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A "Thriller" That Forgot About "The Thrill"
on September 25, 2011
Have you every read a slew of reviews and thought "what book were these readers reading"?
That's the question I have after seeing any review that claims this book is thrilling. Or even entertaining. My gut feeling is this book has been guerrilla marketed. Watson is not a bad writer; indeed I agree with the reviewer that said he does a fine job of capturing the experience of a character rewriting her history each day through keeping a journal (stop for a second, however, and ask yourself if this is a good thing).
The premise is an interesting one, if not a bit overdone these days (in fact, see "Memento", the movie, a much more intriguing thriller that examines a protagonist with a terrifying memory affliction). In this particular take on the subject, a woman with memory problems--a wife who cannot retain the previous day's memories (or any long term memory at all) upon waking each morning--struggles to figure out who she is, what exactly happened to her, and perhaps most importantly, who she can trust.
Fair enough. There is some interesting potential here.
But then that plot line replays for three-quarters of the book! I literally found myself at 80% on my Kindle before I felt like the plot might be finally moving somewhere toward a revelation that was looming for several hundred pages. The first few times Watson's protagonist wakes up and has to reread her journal to remember who she is and what happened, it's mildly interesting. (NOTE: nothing has actually happened to her in these captured pages, other than remembering who she is, who her husband is, and who her doctor is). After this daily replay for a few hundred pages, it's time for the hangman's noose.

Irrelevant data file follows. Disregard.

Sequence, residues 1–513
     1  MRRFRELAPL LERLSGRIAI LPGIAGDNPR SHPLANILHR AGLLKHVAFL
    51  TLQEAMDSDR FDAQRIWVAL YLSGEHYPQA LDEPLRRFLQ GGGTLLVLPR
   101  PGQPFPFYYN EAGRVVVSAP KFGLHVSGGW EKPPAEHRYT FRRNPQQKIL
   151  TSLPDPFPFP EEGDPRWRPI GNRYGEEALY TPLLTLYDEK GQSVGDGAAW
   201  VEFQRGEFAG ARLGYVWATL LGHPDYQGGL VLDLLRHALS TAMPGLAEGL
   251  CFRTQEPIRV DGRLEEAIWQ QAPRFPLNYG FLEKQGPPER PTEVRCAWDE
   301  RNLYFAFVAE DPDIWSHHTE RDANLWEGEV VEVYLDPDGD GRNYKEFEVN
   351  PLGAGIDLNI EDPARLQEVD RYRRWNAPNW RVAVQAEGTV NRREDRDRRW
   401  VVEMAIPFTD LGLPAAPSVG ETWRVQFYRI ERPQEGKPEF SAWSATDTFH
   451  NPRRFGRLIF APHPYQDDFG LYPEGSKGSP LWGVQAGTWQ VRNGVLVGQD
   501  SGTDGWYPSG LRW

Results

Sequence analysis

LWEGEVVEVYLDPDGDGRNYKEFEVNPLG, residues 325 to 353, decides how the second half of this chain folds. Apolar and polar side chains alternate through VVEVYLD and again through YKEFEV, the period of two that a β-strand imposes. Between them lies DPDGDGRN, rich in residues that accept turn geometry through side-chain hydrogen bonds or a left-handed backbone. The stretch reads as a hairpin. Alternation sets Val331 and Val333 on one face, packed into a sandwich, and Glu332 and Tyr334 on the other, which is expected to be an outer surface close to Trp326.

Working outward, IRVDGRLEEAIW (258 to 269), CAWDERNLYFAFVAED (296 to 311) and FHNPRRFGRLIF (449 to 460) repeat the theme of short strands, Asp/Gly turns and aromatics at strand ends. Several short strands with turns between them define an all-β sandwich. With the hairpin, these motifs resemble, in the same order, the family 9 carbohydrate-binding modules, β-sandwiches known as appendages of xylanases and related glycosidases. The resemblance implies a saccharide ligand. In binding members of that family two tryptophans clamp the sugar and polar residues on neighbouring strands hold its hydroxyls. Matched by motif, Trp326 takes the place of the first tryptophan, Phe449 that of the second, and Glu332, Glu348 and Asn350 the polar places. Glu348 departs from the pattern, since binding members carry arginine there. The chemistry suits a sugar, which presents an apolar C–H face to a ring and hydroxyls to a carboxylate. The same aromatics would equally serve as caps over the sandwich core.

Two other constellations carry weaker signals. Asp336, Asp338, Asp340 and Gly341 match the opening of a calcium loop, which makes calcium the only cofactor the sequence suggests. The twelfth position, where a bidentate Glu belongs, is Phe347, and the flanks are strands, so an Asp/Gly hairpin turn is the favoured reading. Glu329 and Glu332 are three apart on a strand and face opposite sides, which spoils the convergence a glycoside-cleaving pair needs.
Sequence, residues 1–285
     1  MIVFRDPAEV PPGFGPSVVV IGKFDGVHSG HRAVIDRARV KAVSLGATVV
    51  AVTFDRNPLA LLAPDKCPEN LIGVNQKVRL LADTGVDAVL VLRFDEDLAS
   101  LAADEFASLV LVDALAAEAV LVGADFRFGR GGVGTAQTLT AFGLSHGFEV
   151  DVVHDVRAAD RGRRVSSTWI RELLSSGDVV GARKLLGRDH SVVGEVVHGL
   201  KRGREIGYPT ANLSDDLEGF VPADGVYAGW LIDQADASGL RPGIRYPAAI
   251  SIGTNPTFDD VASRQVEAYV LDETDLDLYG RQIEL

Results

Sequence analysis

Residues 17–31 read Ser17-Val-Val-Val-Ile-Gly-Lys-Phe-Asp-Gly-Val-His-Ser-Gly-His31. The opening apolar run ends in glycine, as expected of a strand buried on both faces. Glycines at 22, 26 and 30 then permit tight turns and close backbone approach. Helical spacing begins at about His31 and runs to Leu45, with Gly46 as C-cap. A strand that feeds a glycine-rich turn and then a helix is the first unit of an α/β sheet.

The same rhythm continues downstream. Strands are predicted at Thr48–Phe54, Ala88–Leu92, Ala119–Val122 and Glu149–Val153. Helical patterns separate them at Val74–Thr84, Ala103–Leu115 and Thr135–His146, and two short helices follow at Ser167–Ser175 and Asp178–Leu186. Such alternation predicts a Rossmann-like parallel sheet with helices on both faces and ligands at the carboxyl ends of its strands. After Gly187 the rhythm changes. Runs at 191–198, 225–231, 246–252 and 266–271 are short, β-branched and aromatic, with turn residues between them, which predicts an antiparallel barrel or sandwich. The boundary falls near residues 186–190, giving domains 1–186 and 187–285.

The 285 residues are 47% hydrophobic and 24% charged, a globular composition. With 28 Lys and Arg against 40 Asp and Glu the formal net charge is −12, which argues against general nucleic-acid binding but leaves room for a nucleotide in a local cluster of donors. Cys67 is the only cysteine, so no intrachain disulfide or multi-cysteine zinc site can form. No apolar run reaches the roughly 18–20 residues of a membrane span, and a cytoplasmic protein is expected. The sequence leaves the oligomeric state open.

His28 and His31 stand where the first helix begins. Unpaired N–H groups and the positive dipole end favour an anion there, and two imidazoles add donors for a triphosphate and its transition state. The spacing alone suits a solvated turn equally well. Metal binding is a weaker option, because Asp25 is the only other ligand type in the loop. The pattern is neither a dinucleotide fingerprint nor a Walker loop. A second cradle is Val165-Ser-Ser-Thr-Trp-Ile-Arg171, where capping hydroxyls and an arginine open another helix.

After all that monotony, however, I thought "based on all the reviews, something really exciting (read: THRILLING) must happen soon". I mean, the last 20% should knock our socks off, right? Nah. Anyone who couldn't figure out the "twist" by then needs to put away the sedatives.
I wanted to love this book. Seeing Dennis Lehane's (much promoted) single line of praise "Exceptional...it left my nerves jangling for hours after I read the last page." really whetted my appetite.
Really, Dennis? I am a big Lehane fan; as I said, his endorsement was already enough for me. But there is NOTHING in this novel to make your nerves jangle (unless it is the futile frustration that you will never get those hours back again).
For the reviewers (particularly the Top Reviewers who loved the book, I apologize. I am sorry you require so little from a storyline. Save your money, dear readers; here's 200+ pages of the plot:
Write new things in the journal, question your husband's honesty, question what really happened to you, talk these things over with your doctor. Rinse. Repeat.
Then, with less than 20% to go, prepare to discover what you should have pretty much known all along. Not frightening, not harrowing, not all that surprising. And certainly not thrilling.
Certainly nothing over which to jangle any nerves.